Just One Breath: Tips for Covering Health Problems in Prisons
For most of the past 12 weekends, the Reporting on Health Collaborative has published an installment of the Just One Breath series about valley fever. Perhaps the most difficult task in that series fell to journalist Rebecca Plevin.
Her assignment? Write about how prisoners develop valley fever as a result of their incarceration in prisons surrounded by the fungus that causes the disease.
She actually assigned herself this task. She led the efforts to report on the financial toll of valley fever, and one of the biggest costs is the price taxpayers pay to treat inmates who are infected. The logical question from that story was: Are prisoners being punished twice?
Here are some tips from Plevin’s excellent reporting on this question.
1. Treat prisoners as people. We tend to write about prisoners as if they are all one thing: bad people who did something horrible and who deserve to be punished. It doesn’t matter if they gunned down people in a shopping mall or were spotted by their neighbor planting cannabis among their chrysanthemums.
But each prisoner is different and, even if they did something horrible, they deserve some basic human rights. This idea was so central to the founding of the country that it was included in the Bill of Rights, which prevents "cruel and unusual punishment."
Even with that in mind, Plevin realized that readers would be less sympathetic to prisoners. So in reporting the story, she kept coming back to the idea that while, yes, these prisoners had done something wrong to get themselves incarcerated (setting aside the fact that at least a few of them likely were wrongly convicted), their punishment was prison, not lifelong illness from valley fever.
She started by describing how the disease has affected one federal prison inmate, Kevin Walker, and wrote:
The California prison system estimates about 200 inmates are hospitalized every year due to valley fever. Most of them are diagnosed with the disease while serving sentences in eight institutions in the San Joaquin Valley, where the airborne fungus that causes valley fever is rampant. That doesn’t include federal inmates at prisons like Taft, which was described in one lawsuit as a "petri dish for valley fever." …
When you add up all the time state inmates spend in the hospital for valley fever, it amounts to an average of 5,000 days, or about 25 days for every inmate.
2. Map the problem. Prisons are their own little worlds. If you have ever visited one, you know that you are in foreign territory the moment the doors close behind you. I covered the trial of a prisoner accused of murdering another prisoner, and it was both disturbing and fascinating to hear descriptions by inmates of life behind the walls. One of the big differences in prison life is the rate of illness. Plevin explained why:
The rates of valley fever in the communities surrounding the prisons in Central California already are high. Someone in Bakersfield, Fresno, Stockton or Merced has a much higher chance of contracting the disease compared to someone in Los Angeles, according to the California Department of Public Health.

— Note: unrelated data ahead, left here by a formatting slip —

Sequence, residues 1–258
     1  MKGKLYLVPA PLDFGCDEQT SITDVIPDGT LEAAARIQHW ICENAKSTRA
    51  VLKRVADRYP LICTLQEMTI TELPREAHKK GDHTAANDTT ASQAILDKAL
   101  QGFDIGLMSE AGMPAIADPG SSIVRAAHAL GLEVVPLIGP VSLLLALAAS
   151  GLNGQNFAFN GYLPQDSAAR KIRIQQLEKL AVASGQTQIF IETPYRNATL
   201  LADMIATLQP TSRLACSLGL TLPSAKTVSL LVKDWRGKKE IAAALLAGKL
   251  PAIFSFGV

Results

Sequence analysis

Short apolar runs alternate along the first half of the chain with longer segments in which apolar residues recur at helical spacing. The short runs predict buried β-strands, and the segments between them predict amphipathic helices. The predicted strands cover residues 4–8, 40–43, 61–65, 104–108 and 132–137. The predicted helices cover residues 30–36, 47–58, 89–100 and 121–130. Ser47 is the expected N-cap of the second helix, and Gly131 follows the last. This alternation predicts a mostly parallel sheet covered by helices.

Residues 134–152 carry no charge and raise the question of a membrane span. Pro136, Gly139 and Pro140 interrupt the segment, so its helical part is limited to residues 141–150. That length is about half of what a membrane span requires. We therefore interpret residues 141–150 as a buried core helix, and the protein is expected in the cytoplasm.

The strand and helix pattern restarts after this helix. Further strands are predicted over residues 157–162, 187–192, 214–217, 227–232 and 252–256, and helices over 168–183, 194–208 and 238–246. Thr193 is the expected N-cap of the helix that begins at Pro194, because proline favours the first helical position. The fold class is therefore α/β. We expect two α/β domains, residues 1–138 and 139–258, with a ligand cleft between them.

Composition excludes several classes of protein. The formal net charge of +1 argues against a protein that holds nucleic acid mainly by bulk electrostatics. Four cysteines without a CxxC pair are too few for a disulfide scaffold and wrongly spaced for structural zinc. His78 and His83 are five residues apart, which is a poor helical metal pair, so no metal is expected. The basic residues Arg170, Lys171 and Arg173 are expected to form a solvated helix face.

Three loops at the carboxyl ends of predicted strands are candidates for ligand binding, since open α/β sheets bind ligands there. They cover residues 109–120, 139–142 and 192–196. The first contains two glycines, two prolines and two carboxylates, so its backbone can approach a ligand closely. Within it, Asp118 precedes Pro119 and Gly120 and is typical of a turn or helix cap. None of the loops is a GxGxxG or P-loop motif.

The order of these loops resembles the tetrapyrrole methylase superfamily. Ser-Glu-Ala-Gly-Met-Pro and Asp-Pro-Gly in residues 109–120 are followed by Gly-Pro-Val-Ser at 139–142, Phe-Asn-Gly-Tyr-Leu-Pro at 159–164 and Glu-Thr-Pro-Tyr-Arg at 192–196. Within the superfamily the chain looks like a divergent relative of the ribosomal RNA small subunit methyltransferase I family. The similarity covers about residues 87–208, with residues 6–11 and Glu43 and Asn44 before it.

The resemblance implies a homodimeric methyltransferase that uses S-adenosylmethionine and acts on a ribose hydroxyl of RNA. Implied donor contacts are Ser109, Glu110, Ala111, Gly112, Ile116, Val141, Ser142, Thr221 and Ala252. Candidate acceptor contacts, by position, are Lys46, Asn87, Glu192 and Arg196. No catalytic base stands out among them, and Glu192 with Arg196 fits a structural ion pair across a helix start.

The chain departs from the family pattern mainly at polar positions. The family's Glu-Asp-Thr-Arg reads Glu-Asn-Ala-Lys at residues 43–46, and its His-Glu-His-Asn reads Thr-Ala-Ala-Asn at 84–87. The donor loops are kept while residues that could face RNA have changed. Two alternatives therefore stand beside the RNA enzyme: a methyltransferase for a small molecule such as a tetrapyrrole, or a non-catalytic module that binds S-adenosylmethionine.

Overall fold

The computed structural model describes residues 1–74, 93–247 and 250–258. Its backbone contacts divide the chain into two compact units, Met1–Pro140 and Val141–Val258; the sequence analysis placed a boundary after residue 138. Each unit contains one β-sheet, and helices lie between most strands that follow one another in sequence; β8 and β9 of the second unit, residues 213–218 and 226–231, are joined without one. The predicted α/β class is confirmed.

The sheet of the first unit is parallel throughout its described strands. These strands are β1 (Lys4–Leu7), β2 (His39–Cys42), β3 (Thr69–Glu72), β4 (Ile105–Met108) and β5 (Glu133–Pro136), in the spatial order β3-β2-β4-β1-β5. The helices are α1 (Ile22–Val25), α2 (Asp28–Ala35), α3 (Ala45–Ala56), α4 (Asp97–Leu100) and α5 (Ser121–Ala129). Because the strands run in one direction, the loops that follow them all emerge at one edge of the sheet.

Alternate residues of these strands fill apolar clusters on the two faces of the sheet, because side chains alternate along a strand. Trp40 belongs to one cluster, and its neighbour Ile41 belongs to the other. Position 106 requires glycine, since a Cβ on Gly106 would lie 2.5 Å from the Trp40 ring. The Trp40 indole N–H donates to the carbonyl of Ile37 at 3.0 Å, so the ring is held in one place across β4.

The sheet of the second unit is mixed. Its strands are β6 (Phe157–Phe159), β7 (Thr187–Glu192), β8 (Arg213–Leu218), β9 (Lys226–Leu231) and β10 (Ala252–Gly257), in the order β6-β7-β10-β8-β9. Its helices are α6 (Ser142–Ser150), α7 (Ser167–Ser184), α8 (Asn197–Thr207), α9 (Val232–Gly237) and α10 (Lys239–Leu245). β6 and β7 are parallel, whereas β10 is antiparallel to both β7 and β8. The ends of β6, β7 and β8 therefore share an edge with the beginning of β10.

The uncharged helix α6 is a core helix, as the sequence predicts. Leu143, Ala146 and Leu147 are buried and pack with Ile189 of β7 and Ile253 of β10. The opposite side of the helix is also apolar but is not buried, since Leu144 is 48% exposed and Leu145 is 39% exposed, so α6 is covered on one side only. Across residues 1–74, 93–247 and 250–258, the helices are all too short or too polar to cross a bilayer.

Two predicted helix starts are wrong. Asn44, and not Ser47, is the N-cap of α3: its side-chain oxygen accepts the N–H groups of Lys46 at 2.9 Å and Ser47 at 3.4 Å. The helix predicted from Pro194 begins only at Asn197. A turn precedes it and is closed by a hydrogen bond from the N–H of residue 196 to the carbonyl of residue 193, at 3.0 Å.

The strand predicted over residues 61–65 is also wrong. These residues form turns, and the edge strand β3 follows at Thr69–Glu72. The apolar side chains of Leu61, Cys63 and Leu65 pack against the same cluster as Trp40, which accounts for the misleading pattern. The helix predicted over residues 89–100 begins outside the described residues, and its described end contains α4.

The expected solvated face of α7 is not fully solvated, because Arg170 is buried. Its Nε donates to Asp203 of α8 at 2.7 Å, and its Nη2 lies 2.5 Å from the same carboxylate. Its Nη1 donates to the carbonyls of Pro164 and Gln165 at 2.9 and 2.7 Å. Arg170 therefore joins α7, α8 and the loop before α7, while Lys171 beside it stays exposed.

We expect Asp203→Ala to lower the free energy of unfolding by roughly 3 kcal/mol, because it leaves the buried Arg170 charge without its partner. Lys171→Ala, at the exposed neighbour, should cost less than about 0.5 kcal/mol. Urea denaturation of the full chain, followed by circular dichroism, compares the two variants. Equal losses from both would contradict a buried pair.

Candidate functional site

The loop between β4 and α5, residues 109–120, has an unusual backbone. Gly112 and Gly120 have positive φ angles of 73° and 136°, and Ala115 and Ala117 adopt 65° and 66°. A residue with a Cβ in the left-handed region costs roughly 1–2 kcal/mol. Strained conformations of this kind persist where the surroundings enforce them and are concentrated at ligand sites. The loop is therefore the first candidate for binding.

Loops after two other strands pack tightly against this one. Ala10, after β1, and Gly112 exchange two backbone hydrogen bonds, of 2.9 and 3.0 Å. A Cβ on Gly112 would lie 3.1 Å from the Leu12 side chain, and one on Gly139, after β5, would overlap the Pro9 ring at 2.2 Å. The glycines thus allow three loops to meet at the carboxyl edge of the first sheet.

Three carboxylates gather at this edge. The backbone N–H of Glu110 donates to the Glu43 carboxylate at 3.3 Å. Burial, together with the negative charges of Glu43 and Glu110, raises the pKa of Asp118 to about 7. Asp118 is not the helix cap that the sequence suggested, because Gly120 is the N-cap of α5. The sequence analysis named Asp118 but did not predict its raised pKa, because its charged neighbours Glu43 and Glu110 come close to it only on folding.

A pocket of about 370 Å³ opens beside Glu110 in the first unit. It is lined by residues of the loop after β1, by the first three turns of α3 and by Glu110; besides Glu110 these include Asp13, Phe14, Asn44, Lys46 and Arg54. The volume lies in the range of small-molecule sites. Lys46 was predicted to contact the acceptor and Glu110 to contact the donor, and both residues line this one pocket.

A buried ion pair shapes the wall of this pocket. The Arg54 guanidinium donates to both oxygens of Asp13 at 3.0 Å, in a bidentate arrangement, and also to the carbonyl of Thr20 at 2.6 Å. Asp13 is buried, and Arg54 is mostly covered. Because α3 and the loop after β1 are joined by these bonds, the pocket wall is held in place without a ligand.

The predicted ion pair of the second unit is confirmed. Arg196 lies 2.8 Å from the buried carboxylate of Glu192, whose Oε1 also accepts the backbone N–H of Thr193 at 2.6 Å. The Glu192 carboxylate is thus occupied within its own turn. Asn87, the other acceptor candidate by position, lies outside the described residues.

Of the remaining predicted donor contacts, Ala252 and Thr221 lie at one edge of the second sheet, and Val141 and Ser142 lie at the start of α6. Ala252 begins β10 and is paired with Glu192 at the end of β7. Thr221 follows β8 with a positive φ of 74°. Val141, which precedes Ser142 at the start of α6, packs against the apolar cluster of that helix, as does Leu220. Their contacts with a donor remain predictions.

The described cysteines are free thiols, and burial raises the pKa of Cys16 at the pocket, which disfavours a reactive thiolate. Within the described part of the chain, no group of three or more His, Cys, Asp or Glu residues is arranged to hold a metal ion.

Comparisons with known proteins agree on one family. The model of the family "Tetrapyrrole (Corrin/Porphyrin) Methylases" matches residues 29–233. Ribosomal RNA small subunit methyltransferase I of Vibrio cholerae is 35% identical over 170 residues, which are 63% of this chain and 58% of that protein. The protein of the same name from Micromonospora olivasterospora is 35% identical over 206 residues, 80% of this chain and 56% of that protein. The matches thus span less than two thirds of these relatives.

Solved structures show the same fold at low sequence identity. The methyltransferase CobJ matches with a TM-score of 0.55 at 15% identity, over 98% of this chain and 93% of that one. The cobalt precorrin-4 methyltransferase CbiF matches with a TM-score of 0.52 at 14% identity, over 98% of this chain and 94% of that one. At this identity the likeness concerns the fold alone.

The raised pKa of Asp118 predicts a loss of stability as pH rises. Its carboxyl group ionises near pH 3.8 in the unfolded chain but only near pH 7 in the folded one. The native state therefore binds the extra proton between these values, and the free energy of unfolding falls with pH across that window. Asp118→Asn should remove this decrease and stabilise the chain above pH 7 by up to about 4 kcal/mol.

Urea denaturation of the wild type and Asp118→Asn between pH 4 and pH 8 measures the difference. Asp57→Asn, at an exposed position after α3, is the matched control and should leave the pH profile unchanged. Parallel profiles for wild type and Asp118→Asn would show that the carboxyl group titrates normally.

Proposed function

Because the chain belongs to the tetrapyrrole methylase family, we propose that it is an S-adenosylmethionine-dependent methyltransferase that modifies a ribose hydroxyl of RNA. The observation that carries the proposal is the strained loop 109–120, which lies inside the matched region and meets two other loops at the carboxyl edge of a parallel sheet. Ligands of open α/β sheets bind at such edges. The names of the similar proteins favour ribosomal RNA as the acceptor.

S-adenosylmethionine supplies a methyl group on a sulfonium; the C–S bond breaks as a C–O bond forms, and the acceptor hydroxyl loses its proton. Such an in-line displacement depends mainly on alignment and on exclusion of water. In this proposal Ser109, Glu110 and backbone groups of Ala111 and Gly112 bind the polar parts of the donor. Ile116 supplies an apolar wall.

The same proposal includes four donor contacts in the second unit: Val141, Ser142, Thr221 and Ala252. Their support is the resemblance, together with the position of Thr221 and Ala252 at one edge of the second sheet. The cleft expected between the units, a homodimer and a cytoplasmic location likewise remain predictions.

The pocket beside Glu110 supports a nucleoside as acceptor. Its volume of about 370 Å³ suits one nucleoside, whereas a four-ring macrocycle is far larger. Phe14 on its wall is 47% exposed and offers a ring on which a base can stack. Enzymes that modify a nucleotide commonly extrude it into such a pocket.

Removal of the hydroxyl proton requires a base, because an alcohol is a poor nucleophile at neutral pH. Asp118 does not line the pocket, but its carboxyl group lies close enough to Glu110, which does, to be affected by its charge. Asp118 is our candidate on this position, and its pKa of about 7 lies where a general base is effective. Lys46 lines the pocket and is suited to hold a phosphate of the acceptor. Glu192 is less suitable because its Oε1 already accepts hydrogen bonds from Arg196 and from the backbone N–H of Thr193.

But the rates inside the prisons are worse. An April 2012 study found that at Pleasant Valley State Prison, the rate of valley fever was 7,011 cases for every 100,000 people. In states that report cases, fewer than 20 people out of every 100,000 are diagnosed with the disease.
3. Don’t let legal secrecy stop your story. Plevin found out that current and former prisoners all over California were trying to bring cases against state and federal agencies after being diagnosed with valley fever. She visited a law office in Los Angeles that hat gathered stacks of letters from inmates, health care records and other documents. The lawyers, though, said she couldn’t review any information that identified the inmates because, by doing so, she might be breaking attorney-client privilege.
Plevin had two choices: ignore the files or attempt to make some use of them. She opted to review the portions of the files that were anonymous and to talk with the attorneys who were handling the cases in order to describe the larger trend. She wrote:
Experts and inmates alike question whether it’s fair to doubly punish people — once for a crime, and again with a horrible disease whose symptoms and related costs could linger long after the prison sentence.
That’s a concern lawyers Ian Wallach and Jason Feldman hear on an almost daily basis. Since they took the case of a former Taft inmate who contracted valley fever — and this summer helped him earn a $425,000 federal settlement — the Venice-based lawyers have received hundreds of letters, phone messages and emails from inmates with valley fever seeking help.
"They’re all scared about future medical expenses, and who is going to pay for this when they get out," (Wallach) said. "Whether they got it in Avenal, whether they got it in Pleasant Valley, wherever they got it — they want money for pain and suffering because they have been hurting."
4. Expect difficulties. I asked Plevin if she had any specific lessons, and she wrote back:
This story took a very long time to come together. There were times I doubted it would come together at all. For months, we knew what we wanted to say in the story, but it took a long time to find experts who would comment on the issue, inmates who would share their experiences, and the documents to back it all up.
The lesson, at least for me, is to keep casting out lines, and be patient until you get some "bites." We'd talked about running this story back in September, but I'm glad we didn't rush it.
Have thoughts on how to write about prisons or about the Just One Breath series? Drop me a note at email@example.com or via Twitter @wheisel
Photo Credit: Courtesy of Kevin Walker